Keeping anemones in a reef tank can be a challenge if you are not fully prepared. Read more to learn what is required to successfully keep anemones.
Cultivating a reef tank can be quite a challenge because it requires you to maintain very specific water parameters. In order to keep all of your reef inhabitants healthy, you also need to follow strict feeding guidelines to keep your tank inhabitants from starving. One type of reef inhabitant that hobbyists often have difficulty with is the anemone.
Anemones require certain tank conditions including lighting, water flow and oxygen levels in order to thrive so if you are not able to provide these conditions, you may not be able to keep anemones in your tank. Below you will find a wealth of information about anemones in general as well as some detailed tips regarding their care. Before you attempt to add an anemone to your tank, read this guide so you will be more prepared for the challenge.
Sea anemones belong to the order Actiniaria – there are four suborders and forty-six different families. These creatures can be described as terrestrial flowers, because that is what they look like with their waving fronds and floating appendages. The anemone is, however, a predatory animal that is related to corals and jellyfish. The basic anatomy of an anemone includes a polyp attached to the underside of a basal disc (an adhesive foot) – a column-shaped body extends from the disc and ends in an oral disc. You are probably familiar with sea anemones in relation to their symbiotic bond with clownfish.
Most sea anemones grow between 1.5 and 3 centimeters in diameter but some are as small as 4 mm around. These creatures may exhibit anywhere from a few dozen to a few hundred tentacles. Sea anemones use an oral disc to capture their prey and they may attach either to substrate or by burrowing into a weaker object like kelp. Anemones are not photosynthetic organisms but they have a symbiotic relationship with certain photosynthetic organisms like single-celled green algae. These algae produce oxygen and glucose as a product of their synthesis, both of which are beneficial to the anemone.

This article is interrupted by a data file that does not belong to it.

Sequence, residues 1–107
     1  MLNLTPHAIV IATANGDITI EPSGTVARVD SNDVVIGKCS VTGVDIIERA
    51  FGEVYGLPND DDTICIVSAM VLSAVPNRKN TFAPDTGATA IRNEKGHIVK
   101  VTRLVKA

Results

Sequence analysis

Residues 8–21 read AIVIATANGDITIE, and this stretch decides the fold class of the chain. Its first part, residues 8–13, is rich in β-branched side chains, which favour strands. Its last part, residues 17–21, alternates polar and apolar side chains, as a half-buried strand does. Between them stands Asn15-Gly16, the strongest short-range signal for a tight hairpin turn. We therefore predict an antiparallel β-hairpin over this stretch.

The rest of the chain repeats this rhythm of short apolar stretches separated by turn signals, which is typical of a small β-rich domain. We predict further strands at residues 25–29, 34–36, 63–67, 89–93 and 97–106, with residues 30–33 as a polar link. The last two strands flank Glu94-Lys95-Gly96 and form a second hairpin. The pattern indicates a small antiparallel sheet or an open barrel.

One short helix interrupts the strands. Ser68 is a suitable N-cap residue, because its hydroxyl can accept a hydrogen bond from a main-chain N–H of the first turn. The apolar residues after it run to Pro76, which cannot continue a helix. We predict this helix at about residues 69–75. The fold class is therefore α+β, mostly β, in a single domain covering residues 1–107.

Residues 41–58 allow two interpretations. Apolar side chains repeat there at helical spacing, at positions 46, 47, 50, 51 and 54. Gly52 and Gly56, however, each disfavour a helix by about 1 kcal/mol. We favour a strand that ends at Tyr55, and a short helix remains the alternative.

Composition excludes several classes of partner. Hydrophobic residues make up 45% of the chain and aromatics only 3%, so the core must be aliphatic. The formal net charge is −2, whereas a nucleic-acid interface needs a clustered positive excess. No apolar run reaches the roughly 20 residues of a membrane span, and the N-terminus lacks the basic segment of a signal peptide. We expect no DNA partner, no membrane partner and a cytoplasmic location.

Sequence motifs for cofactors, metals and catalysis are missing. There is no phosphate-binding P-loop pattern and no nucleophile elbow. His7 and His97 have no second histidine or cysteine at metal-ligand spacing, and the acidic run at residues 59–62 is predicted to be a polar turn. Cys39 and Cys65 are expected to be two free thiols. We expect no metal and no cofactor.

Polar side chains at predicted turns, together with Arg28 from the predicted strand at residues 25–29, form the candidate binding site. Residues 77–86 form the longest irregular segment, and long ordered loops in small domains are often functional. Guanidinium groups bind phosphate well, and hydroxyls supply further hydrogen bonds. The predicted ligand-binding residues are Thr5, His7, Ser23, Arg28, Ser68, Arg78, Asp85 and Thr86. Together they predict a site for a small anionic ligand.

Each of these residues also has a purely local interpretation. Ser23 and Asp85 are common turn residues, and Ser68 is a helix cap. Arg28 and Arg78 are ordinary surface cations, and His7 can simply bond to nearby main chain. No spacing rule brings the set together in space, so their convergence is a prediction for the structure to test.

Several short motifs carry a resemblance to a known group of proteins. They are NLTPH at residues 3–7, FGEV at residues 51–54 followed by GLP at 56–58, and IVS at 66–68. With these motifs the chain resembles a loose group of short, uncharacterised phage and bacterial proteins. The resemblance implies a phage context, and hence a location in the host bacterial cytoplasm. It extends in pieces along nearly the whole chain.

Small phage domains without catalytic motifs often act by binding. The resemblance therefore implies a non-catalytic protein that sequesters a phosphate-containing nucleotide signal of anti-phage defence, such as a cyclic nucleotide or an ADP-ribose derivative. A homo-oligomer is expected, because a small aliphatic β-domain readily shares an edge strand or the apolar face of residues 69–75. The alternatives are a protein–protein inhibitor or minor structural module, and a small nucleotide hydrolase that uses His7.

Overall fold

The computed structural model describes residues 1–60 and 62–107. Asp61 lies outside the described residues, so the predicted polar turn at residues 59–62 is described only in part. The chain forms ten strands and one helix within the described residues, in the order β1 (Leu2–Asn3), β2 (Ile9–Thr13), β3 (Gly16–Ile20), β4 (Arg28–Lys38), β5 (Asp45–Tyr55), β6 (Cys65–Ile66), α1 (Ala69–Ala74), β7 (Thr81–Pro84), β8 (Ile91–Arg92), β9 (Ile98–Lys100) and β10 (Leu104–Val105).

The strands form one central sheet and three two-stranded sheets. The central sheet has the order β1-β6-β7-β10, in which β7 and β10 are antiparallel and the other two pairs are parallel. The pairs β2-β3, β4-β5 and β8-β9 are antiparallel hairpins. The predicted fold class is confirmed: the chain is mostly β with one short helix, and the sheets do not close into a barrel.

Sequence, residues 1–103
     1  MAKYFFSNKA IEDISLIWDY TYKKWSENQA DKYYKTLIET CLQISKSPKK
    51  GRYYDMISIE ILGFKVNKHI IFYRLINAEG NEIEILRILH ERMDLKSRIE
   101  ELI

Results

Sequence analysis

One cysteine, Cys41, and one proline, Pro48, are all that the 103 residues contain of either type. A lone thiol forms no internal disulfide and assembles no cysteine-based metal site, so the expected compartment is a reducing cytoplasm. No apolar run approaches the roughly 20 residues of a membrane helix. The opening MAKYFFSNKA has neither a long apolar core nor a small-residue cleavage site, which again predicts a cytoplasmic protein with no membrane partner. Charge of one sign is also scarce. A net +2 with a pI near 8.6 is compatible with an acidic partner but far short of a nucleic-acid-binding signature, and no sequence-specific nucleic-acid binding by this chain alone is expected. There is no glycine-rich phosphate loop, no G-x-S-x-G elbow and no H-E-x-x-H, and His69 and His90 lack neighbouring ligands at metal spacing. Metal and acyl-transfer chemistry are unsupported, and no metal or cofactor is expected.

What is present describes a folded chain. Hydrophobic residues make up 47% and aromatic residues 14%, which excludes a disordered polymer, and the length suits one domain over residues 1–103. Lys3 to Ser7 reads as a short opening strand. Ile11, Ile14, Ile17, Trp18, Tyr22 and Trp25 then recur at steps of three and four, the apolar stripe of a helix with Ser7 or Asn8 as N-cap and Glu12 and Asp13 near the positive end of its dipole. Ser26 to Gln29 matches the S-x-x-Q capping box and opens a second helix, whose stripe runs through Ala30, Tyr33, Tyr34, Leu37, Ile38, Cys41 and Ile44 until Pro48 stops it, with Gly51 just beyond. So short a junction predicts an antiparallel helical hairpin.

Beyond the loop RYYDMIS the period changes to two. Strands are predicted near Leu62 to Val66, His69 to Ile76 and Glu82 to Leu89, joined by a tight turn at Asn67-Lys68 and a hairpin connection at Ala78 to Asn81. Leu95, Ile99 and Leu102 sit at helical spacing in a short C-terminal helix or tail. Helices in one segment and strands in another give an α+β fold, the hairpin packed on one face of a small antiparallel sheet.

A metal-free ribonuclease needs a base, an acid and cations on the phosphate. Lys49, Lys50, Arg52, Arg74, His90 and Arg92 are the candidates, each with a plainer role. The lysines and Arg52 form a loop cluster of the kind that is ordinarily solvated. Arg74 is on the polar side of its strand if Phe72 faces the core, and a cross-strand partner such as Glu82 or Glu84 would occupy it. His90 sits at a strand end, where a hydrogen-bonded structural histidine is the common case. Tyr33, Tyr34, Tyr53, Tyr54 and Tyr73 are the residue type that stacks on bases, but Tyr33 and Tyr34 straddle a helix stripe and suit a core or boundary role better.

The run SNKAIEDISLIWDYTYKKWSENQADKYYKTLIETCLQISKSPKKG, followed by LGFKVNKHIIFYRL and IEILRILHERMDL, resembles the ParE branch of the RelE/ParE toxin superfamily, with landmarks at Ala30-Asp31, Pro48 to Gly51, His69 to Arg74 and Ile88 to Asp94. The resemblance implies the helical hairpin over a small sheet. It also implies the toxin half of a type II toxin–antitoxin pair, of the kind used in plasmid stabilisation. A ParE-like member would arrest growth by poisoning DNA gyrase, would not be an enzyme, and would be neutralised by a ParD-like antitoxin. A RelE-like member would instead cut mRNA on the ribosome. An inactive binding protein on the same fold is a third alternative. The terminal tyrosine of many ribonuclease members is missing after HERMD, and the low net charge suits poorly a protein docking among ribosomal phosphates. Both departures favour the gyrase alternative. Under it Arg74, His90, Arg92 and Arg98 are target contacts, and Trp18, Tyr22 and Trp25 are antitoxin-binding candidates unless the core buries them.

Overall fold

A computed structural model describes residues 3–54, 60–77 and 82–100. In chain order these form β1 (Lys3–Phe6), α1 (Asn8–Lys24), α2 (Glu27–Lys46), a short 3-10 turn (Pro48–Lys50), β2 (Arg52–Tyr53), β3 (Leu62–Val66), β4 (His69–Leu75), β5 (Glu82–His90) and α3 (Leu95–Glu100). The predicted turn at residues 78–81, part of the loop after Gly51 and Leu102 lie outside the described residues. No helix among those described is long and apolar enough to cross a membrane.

Top Recommended Species
As you’ve already learned, there are many different species of anemone out there. If you are thinking about adding an anemone or two to your tank, consider one of the species listed below:
Bulb Anemone (Entacmaea quadricolor) – The bulb anemone is one of the most commonly used anemones in the aquarium hobby. This species is named for the bulb-like tip at the end of each tentacle. These anemones typically have brown columns with green, brown, or bright orange tentacles. This species may reproduce asexually in the tank which makes it particularly interesting to keep.
Adhesive Anemone (Cryptodendrum adhaesivum) – This type of anemone is sometimes sold as the “pizza anemone” because it has rounded, ridged edges that resemble a pizza crust. The adhesive anemone is very unique in appearance but it does have a potent sting – it may not do much harm to humans, but it can be dangerous for certain tank inhabitants.
Beaded Anemone (Heteractis aurora) – The beaded anemone is named for the beadlike swellings along the length of its tentacles which may be brown, green, or purple in color. This species tends to burrow into sand or gravel instead of anchoring itself to hard substrate and it is a host for seven different anemonefishes. The beaded anemone is fairly easy to keep in the home aquarium as long as a thick bed of sand and adequate illumination are provided.
Corkscrew Anemone (Macrodactyla doreensis) – The corkscrew anemone has a dull orange or red column with several rows of small bumps running up its length. This species tends to prefer soft substrates, burying its base in sand or mud. When provided with a suitable habitat, the corkscrew anemone is a fairly hardy species.
Tank Requirements and Care